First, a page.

Scala at Wolt: Our Scala Organization (Part I)

Behind the scenes of Wolt we have an engineering team of almost 300 people building the tech powering our products, services and platform. Scala is one the core technologies we use for backend services. Our Scala community is currently over 25 people and the plan is to grow this number further this year. In this article we’ll dive deeper into how we’re building a Scala organization at Wolt. 

This blog post is a part of a short series, below is an overview for what you can find in each blog. 

Our Wolt mascot Yuho the reindeer with a Wolt delivery bag

Part I:

  • Why we use Scala at Wolt
  • How we grow as a Scala organization
  • How we think about the growth and development of our engineers

Part II:

  • How technical decisions are made
  • How we approach technical debt
  • An overview of the Scala frameworks we use

Part I — Our Scala Organization at Wolt

In the first part of our story about Scala at Wolt, we’re going to start with our core principles and beliefs on how we can build a great place to work for every Scala Engineer. If you feel a bit impatient you can jump right into the second part of the story to read more about technical details and an overview of our technical decisions.

But let’s first dive into the “why” behind our choice of Scala.

Why we use Scala at Wolt

The adoption of Scala at Wolt started in 2016. We just started developing our delivery subsystem and had decided to use an open-source toolkit for solving our routing problem. As that toolkit, JSprit, was JVM-based we wanted to select a compatible solution. Even though more people were familiar with Java then, our engineers decided to test Scala as they felt that a more modern and advanced language would lead to a faster and more fun development cycle. Since then we’ve replaced JSprit with our own solution (in C++ for those who might be interested), but Scala has earned its place as the main language for our delivery subsystem. 

Today the importance of Scala is further strengthened by the JVM job market. There’s a huge number of strong engineers on the job market from the world of Java. Some still prefer Java, but many are moving into Kotlin, some choose Scala, and even Clojure. (Note: Yes, we have Kotlin, and we also use ArrowKT if someone from Kotlin’s functional world is reading this!).

Programmers that do Scala of course know the benefits of the technology, but let’s shed light on this a bit more:

  • It gives the freedom and power of the JVM world, tooling, and an enormous amount of Java libraries
  • Allows you to go pure functional if you want – the current set of existing technologies gives you this freedom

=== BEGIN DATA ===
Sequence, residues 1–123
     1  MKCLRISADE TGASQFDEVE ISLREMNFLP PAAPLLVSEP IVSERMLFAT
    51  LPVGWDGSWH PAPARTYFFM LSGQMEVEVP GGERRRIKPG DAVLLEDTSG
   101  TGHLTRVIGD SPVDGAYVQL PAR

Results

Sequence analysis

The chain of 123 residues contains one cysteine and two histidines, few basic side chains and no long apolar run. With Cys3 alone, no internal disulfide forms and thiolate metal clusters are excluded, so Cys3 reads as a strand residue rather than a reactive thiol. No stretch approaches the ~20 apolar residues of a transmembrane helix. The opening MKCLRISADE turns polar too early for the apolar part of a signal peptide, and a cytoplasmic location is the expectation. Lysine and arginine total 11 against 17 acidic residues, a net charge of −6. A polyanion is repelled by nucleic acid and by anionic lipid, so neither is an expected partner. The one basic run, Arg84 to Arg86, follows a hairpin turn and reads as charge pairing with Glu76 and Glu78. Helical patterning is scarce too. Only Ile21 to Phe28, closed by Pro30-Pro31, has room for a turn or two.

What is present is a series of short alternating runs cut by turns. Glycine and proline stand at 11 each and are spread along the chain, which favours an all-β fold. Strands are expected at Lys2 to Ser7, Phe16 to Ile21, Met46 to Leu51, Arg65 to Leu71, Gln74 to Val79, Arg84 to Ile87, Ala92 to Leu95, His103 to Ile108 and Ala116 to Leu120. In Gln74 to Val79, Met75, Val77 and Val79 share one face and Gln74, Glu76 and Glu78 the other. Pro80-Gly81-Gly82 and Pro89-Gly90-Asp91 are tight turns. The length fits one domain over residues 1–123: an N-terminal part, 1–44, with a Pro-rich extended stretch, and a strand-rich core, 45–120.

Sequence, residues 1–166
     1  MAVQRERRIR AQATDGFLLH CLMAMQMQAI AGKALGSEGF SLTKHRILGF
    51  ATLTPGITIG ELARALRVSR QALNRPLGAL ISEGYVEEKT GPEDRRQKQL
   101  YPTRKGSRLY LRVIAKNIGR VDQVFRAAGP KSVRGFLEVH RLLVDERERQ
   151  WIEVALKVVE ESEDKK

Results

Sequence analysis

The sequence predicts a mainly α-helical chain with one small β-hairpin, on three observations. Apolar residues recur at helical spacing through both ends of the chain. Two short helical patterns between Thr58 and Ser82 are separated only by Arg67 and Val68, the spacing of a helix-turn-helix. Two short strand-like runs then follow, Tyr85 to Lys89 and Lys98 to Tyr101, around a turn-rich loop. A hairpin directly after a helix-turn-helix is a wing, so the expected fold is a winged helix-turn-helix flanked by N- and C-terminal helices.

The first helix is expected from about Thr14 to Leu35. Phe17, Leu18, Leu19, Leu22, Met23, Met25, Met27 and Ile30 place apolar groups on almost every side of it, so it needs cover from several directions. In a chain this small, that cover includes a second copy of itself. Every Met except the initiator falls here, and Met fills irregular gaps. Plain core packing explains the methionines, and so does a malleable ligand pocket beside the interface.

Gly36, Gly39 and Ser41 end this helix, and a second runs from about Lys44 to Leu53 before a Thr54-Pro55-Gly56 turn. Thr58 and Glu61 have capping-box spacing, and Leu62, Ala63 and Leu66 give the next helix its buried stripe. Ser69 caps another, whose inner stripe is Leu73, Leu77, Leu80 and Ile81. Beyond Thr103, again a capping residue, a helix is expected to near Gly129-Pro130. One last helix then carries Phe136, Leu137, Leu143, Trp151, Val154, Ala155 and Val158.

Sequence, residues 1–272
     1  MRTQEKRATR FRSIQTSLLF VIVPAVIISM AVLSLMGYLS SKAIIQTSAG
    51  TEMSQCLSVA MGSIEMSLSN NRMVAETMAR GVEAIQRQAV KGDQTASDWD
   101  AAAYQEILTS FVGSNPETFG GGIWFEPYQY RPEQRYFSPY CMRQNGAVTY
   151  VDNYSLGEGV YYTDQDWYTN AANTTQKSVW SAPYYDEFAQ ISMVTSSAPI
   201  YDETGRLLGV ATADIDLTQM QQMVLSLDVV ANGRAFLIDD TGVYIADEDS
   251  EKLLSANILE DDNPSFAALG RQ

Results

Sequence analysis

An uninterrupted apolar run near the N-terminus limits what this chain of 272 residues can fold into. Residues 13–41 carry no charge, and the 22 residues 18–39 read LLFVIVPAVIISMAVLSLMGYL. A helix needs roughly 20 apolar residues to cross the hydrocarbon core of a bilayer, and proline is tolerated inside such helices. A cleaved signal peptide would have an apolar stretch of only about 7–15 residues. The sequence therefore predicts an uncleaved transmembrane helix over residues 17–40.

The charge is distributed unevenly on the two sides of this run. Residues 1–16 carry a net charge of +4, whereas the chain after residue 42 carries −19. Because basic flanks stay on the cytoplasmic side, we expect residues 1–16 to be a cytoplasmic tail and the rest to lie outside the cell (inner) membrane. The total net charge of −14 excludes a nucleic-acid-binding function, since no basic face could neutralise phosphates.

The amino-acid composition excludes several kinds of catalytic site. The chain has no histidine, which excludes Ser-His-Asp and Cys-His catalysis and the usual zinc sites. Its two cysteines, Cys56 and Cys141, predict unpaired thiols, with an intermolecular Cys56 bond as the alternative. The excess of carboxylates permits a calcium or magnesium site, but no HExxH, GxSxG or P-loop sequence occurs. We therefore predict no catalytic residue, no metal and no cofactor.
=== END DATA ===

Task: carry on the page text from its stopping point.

• You can also go functional to the point you’re comfortable with — allows you to combine the best of two worlds
  • Fast evolution of Scala — Scala is one of the most dynamically evolving languages (which comes with advantages and disadvantages). Looking at Scala3, the future looks bright!
  • Passionate community (Sometimes maybe even too passionate if you follow Cats and ZIO communities!)

The last, but definitely not the least of the benefits is language features, which I want to open up a bit more about. First off, type safety – the error capture during the compilation time is great. The ability to design implicit things explicitly — with the power of the type system, we can design data types to describe and solve the problems precisely and concisely.

Also, the power and level of abstraction — functional programming patterns take time and effort to learn, similar to learning anything else from scratch. But when you’re there it feels natural and beautiful. You become native in expressing ideas, solutions, and expressing problems in a very secure way, where the type system covers your back.

And we also have rich and concise syntax, which helps to eliminate boilerplate code. ✨

As we’ve answered “why”, let’s jump deeper into our Scala organization at Wolt.

Our Scala organization at Wolt 

Wolt is a fast-growing tech company. In just eight years we’ve grown into a company that operates in 23 countries and over 250 cities. Now we’re over 6,000 people globally and a product development organization of over 400 people, working in 35+ autonomous product teams. 

As we grow, we aim to build an environment that backs the growth of our engineers, keeping them engaged and motivated by their work. It’s important for us to scale our teams along the growth to keep our environment healthy and balanced. And with the organization growing, also our level of engineering is constantly growing.

We believe in growing the level of engineering in two ways: 

  • 1) Horizontally — by hiring more engineers on different seniority levels and 
  • 2) Vertically — by creating an environment where engineers can grow and fulfill their professional and personal goals.

Let’s dive into what this means on a technical community level, such as for our Scala engineers.

How a healthy and balanced Scala environment looks at Wolt:

  • 💙 Engineers are happy with the set of technologies used. We currently review this through feedback loops around our tech stack by doing peer-to-peer sessions between our engineers and competence leads as well as anonymous polls. We’re also looking into measuring this even better in the future.